Rd. 3, Mohammadpur

Dhaka-1207

Tele: +88-02-8610245 / 9671448

Purana Paltan Girls College

3/5, Puranapaltan

Dhaka-1000

Tele: +88-02-9553926

R K Chowdhury College

Saydabad, Dhaka-1100

Tele: +88-02-7514816

Rajdhani Womens College

Rd 23, Rupnagar R/A

Pallabi, Dhaka-1216

Tele: +88-02-9001052

Rajuk Uttara Model College

Uttar, Dhaka-1230

Tele: +88-02-8912780

Rampura Ekramunnesa Degree College

Rampura, Dhaka-1217

Tele: +88-02-9336841

Saleha School & College

Nawabganj, Dhaka-1211

Tele: +88-02-502971

Salimullah Degree College

40, Tipu Sultan Road

Wari, Dhaka-1203

Tele: +88-02-7122210

Shah Ali Girls School & College

Mirpur 1, Mirpur

Dhaka-1216

Tele: +88-02-9002426

Shantibagh School & College

Shantibagh, Dhaka-1217

Tele: +88-02-7210986

Shantipur College

296, South Goranv

Shantipur, Dhaka-1219

Tele: +88-02-

Sheikh Borhanuddin Post Graduate College

62, Nazimuddin Road

Dhaka-1180

Tele: +88-02-7300201 /

7300204 / 7300499 / 7300536

Sher-e-Bangla Adarsha Mohila College

Sher-e-Bangla Nagar, Dhaka

Tele: +88-02-

Sher-e-Bangla Girls School & College

29, Hatkhola Road

Tikatuli, Dhaka-1000

Tele: +88-02-9550809

Sher-e-Bangla T. T. College

Section 11/A, 3/1

Mirpur, Pallabi, Dhaka

Tele: +88-02-8016597

Mobile: 0171-463568

Shiddeshwari Degree College

118, Shiddeshwari Circular Road

Magh Bazar, Dhaka-1217

Tele: +88-02-9339307 / 409085

Shiddeshwary Womens College

Baily Road.Dhaka-1000

Tele: +88-02-8313310

South Point School & College

House 3/A, Rd. 22

Gulshan-1, Dhaka-1212

Tele: +88-02-9895153

Stamford College

House 9/A, Rd. 36

Dhanmondi, Dhaka-1209

Tele: +88-02-9116108 / 8119956 Ext. 120

T & T College

Motijheel, Dhaka-1000

Tele: +88-02-7101810 / 9333444

Tejgaon College

16, Indira Rd.

Farmgate, Dhaka-1215

Tele: +88-02-8116066

Tejgaon Mohila College

76, East Tejturi Bazar

Dhaka-1215

Tele: +88-02-9137824

The Scholars School & College

House 59/A, Rd. 7/A

Dhanmondi R/A, Dhaka-1209

Tele: +88-02-9124661

University Womens Federation College

House 16 & 16/1, Rd. 6

Dhanmondi R/A, Dhaka-1205

Tele: +88-02-8613092

Uttara Town College

27/5, Sector 7

Uttara Model Town

Dhaka-1230

Tele: +88-02-8922508

Viquarunnisa Noon School & College

1/A, Baily Road, Dhaka-1000

Tele: +88-02-8319831

Willes Little Flower Higher Secondary School

Kakrail, Dhaka-1000

Tele: +88-02-9331850

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Arsenic Contamination

Arsenic contamination since the discovery of arsenic contamination in West Bengal there has been apprehension about arsenic contamination in Bangladesh groundwater as well, particularly in the western border districts. The Department of Public Health Engineering (DPHE) made the first discovery by testing a few wells from Baragharia mauza of nawabganj in 1993.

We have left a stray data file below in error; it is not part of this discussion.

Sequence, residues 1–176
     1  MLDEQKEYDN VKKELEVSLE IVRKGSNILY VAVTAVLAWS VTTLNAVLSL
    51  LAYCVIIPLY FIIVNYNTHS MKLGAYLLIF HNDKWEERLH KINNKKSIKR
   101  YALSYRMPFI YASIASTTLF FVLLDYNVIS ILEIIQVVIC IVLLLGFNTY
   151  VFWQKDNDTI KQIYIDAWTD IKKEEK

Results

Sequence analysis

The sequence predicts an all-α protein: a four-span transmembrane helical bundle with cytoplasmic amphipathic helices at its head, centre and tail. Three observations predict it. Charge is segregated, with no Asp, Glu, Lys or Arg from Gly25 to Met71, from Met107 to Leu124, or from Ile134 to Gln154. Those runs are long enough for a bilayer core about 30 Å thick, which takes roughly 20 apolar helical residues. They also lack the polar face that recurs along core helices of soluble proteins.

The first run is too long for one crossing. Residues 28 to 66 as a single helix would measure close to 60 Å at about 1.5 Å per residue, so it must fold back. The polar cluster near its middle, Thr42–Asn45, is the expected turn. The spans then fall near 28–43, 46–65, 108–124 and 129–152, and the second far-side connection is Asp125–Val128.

Arsenic contamination in groundwater is not a new health hazard faced by mankind but what is new and unique in Bangladesh is the extent of the pollution and the number of people exposed to it. A most conservative estimate shows about 30 million people exposed to arsenic. It is going to be a mammoth task to mitigate the problem and provide this population with alternative safe drinking water. It is clear from the map of contaminated areas which localities should be taken up for emergency action and which can be left out. There are different options for mitigation which include household filters, community based arsenic removal plants, sinking of deeper wells, use of surface water and rain water harvesting.

The population problem in Bangladesh

In the 1980s, Bangladesh faced no greater problem than population growth. Census data compiled in 1901 indicated a total of 29 million in East Bengal, the region that became East Pakistan and eventually Bangladesh. By 1951, four years after partition from India, East Pakistan had 44 million people, a number that grew rapidly up to the first post independence census, taken in 1974, which reported the national population at 71 million. The 1981 census reported a population of 87 million and a 2.3 percent annual growth rate. Thus, in just 80 years, the population had tripled. In July 1988 the population, by then the eighth largest in the world, stood at 109,963,551, and the average annual growth rate was 2.6 percent. According to official estimates, Bangladesh was expected to reach a population of more than 140 million by the year 2000.

Bangladesh’s population density provided further evidence of the problems the nation faced. In 1901 an average of 216 persons inhabited one square kilometer. By 1951 that number had increased to 312 per square kilometer and, in 1988, reached 821. By the year 2000, population density was projected to exceed 1,000 persons per square kilometer.